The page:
# Groovy Hook Script and Jenkins Configuration as Code

This post discusses Groovy Hook Scripts and how to use them for full configuration-as-code in Jenkins with Docker, Pipeline. This can help us to set up local environment for developing Jenkins Pipeline libraries and to evaluate various Jenkins features.

### Groovy Hook Scripts

These scripts are written in Groovy, and get executed inside the same JVM as Jenkins, allowing full access to the domain model of Jenkins. For a given hook HOOK, the following locations are searched:

The init is the most commonly used hook (i.e., HOOK=init). The following sections show how some of the most common tasks and configurations in Jenkins can be achieved by using such Groovy scripts. For example, in this project, many of such scripts are added into a Dockerized Jenkins master and executed when starting a container to replicate configurations of the Jenkins instance in production. It will give us ability to quickly spin up local Jenkins instances for development or troubleshooting issues in production Jenkins.

On a side note, IntelliJ IDEA is probably the best development tool for working with these Groovy Scripts. Check out these instructions on how to set it up in IntelliJ. UPDATED ON 2018/09/29: More on IntelliJ setup is discussed in this blog post.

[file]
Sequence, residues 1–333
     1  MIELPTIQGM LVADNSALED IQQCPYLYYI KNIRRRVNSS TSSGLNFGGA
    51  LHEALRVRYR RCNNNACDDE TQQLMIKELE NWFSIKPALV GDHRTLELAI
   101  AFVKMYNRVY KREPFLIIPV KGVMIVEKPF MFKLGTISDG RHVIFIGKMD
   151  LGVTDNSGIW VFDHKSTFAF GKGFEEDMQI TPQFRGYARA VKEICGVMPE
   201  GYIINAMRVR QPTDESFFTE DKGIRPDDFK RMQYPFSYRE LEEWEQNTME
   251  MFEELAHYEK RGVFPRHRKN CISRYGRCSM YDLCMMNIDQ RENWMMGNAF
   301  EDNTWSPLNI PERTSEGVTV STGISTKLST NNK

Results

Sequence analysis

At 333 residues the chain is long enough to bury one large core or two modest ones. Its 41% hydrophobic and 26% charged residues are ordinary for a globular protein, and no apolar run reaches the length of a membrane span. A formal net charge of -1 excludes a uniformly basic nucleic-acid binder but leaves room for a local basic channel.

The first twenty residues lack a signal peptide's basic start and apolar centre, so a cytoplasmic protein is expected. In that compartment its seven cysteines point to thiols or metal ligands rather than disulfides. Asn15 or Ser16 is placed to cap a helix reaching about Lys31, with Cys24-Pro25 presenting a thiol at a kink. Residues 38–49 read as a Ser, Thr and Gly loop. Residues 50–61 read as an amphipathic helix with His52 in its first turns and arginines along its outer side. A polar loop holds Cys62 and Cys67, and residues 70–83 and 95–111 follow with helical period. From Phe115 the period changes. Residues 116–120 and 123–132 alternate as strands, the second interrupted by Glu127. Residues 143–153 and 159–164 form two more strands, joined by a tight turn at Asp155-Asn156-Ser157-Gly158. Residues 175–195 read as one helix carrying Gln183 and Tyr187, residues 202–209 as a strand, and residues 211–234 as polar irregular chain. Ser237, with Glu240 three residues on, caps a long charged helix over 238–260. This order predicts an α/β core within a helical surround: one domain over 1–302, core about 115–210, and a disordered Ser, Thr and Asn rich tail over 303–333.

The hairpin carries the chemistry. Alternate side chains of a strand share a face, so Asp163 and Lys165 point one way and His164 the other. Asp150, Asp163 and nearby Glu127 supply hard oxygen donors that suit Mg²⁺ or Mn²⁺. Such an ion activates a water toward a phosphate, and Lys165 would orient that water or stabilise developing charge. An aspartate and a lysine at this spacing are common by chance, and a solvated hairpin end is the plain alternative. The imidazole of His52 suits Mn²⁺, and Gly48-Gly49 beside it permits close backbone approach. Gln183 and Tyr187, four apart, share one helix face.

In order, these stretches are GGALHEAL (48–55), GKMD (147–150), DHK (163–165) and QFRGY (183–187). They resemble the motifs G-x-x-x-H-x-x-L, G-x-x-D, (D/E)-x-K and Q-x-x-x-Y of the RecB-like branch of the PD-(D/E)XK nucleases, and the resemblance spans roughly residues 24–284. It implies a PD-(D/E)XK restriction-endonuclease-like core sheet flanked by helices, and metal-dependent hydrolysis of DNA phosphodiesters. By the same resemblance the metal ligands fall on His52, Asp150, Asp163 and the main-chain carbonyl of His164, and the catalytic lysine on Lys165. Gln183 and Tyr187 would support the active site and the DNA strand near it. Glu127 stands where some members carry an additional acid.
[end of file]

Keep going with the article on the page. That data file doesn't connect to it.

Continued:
### Authorization

This section shows how to enable different authorization strategies in Groovy code.

Matrix-based authorization: Gives all authenticated users admin access:

For importing GlobalMatrixAuthorizationStrategy class, make sure that matrix-auth plugin is installed. For full list of standard permissions in the matrix, see this code snippet. Note that the matrix can be different if different plugins are installed. For example, the “Replay” permission for Runs is not simply hudson.model.Run.REPLAY since there is no such static constant. Such permission is only available after Workflow CPS plugin is installed. Therefore, we can only set “Replay” permission for Runs with the following:

References

### Basic Jenkins security

In addition to enable authorization strategy, we should also set some basic configurations for hardening Jenkins. Those includes various options that you see in Jenkins UI when going to Manage Jenkins > Configure Global Security.

• Disable Jenkins CLI
• Limit Jenkins agent protocols.
• “Enable Slave -> Master Access Control”
• “Prevent Cross Site Request Forgery exploits”

Some are not working for versions before 2.46, according to this. For disabling Jenkins CLI, you can simply add the java argument -Djenkins.CLI.disabled=true on Jenkins startup.

References

### Create different kinds of Credentials

Adding Credentials to a new, local Jenkins for development or troubleshooting can be a daunting task. However, with the following scripts and the right setup (NEVER commit your secrets into VCS), developers can automate adding the required Credentials into the new Jenkins.